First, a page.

I returned a steel center finder from Amazon recently. It was definitely off. The item was cheap and I wasn't too surprised. The Amazon reviews were mostly good with a few "1's". Lot's of people saying the bad reviews were because they didn't know how to use it. I suspect it was bad quality control. 

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If I understood correctly, you are not actually lloking for a highly accurate triangle/engineer's square, but rather a way to set cutting tools (e.g. saw blade, sanding disk, etc.) square to the table with sufficient accuracy. It would be helpful to think about how much accuracy you actually need. Something with test certificates seems to be completely over the top for setting woodworking tools. In normal workshop practice standard engineer's square should be perfectly adequate. Their squareness is easily qualitatively tested as described by someone above.

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  • 2 years later...

I'm very late to this conversation, but for what its worth, I can personally attest to having used a Kinex 250mm 90 & 45 degree triangle to set the blade and the cross-cut fence for the table saw in my pro furniture-making workshop in the UK for the last 4 years or so. If anything, the square has shown up certain limitations in the fence!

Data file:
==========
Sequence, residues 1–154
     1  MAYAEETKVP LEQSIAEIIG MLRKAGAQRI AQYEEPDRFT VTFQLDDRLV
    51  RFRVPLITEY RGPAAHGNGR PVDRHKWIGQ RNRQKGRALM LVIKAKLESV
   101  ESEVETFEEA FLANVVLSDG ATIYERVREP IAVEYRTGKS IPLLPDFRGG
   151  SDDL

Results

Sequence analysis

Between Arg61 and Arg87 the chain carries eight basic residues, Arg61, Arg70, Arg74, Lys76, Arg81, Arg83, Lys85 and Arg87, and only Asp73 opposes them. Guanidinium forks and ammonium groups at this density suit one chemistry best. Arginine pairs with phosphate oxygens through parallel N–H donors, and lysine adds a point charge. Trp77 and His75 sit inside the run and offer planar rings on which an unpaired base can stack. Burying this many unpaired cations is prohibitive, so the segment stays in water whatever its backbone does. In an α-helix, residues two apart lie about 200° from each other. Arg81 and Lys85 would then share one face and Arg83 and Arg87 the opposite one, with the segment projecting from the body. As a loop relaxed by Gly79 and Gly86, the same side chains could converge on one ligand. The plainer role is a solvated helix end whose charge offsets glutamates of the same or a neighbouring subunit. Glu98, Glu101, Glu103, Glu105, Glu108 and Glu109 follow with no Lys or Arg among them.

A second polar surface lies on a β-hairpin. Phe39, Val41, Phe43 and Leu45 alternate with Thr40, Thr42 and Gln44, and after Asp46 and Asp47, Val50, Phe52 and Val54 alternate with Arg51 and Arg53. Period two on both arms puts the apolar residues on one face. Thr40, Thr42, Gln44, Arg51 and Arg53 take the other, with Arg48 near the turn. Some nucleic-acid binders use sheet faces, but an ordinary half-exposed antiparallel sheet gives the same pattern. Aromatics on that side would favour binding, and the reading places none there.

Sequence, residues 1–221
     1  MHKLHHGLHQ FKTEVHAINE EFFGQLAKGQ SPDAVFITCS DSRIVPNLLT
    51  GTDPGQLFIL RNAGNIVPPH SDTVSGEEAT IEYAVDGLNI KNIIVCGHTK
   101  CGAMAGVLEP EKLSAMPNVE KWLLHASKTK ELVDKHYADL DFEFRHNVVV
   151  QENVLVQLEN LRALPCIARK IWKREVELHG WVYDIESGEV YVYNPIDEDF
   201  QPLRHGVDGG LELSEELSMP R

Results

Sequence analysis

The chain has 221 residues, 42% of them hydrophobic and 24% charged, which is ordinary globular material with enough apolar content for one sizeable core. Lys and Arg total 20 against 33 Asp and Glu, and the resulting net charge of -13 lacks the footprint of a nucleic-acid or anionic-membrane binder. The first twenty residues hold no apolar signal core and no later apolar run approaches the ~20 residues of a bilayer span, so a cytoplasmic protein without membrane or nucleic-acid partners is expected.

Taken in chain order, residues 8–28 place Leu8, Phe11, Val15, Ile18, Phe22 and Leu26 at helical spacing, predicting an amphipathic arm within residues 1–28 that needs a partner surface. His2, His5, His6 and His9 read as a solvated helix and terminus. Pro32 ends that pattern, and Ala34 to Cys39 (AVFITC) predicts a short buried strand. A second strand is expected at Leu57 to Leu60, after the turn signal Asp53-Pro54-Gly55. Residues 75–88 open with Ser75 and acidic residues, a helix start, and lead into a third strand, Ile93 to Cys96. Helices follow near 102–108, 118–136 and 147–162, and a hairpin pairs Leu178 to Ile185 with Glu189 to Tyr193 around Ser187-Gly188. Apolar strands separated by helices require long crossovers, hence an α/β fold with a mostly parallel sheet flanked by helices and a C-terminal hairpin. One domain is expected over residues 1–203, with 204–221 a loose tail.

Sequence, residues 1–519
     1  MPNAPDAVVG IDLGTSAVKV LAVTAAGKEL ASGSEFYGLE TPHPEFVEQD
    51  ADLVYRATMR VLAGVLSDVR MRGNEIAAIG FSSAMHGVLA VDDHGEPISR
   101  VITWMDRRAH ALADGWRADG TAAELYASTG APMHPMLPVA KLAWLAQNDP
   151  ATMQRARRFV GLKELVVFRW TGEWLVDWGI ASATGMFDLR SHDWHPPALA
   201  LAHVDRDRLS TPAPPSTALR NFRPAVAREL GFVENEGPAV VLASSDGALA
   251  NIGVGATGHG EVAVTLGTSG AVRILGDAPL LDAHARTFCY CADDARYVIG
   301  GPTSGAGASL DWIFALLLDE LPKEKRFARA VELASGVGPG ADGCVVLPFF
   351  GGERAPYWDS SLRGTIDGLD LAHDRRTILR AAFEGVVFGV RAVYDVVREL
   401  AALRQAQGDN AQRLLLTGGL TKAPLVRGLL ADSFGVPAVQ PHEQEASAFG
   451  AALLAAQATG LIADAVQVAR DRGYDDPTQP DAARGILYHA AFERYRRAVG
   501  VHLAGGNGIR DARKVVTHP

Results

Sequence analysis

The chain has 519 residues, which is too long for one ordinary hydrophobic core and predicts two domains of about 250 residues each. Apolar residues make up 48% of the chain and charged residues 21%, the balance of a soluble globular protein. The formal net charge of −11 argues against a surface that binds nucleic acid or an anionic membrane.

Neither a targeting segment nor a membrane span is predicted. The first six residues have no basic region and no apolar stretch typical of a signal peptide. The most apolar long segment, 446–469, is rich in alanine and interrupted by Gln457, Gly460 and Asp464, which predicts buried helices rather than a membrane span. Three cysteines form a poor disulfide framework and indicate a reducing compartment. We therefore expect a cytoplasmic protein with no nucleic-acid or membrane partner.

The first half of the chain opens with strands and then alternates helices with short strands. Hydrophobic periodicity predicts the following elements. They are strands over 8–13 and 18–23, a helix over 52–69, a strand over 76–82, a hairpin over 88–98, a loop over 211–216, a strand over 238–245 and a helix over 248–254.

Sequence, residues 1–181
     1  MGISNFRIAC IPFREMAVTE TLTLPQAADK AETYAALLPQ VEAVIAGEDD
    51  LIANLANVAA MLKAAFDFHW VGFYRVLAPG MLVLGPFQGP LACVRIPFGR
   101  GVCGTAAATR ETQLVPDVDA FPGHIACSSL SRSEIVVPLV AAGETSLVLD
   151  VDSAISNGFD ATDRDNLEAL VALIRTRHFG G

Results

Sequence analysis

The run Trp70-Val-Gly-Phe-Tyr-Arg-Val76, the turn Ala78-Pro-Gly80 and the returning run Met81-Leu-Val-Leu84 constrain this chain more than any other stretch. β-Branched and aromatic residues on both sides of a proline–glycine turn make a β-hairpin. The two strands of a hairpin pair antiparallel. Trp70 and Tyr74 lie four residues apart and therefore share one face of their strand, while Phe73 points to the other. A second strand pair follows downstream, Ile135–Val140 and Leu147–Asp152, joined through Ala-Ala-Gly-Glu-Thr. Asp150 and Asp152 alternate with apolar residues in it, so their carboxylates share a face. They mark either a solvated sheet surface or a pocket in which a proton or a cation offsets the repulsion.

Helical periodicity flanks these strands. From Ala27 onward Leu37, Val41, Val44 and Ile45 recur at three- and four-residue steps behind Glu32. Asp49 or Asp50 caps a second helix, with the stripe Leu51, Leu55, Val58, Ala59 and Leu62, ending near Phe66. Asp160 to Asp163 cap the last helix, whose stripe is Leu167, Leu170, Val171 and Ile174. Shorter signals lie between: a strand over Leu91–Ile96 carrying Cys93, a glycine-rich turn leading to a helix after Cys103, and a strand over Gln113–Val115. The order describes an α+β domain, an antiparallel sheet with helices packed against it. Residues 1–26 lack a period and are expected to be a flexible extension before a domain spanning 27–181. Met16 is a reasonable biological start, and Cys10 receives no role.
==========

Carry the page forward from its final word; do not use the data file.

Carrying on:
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Want a right angle? Don't forget the 3, 4, 5 triangle. Using that method you can obtain a right angle of any size within the precision of your measuring tools and your ability to use them. Lots of Data on the net, I have used the method many times on paper, wood and ground, it maters not what linier units you choose to use. Mark your corner, lay a base line out and mark as precisely as you can 4 units from the corner, from that point measure 5 units and scribe an arc near where you expect the corner to be, return to the corner and make another arc at 3 units from the corner, the intersection of the two arcs is the final corner of your 90°, 3, 4, 5 triangle    Image result for 3 4 5 triangle rule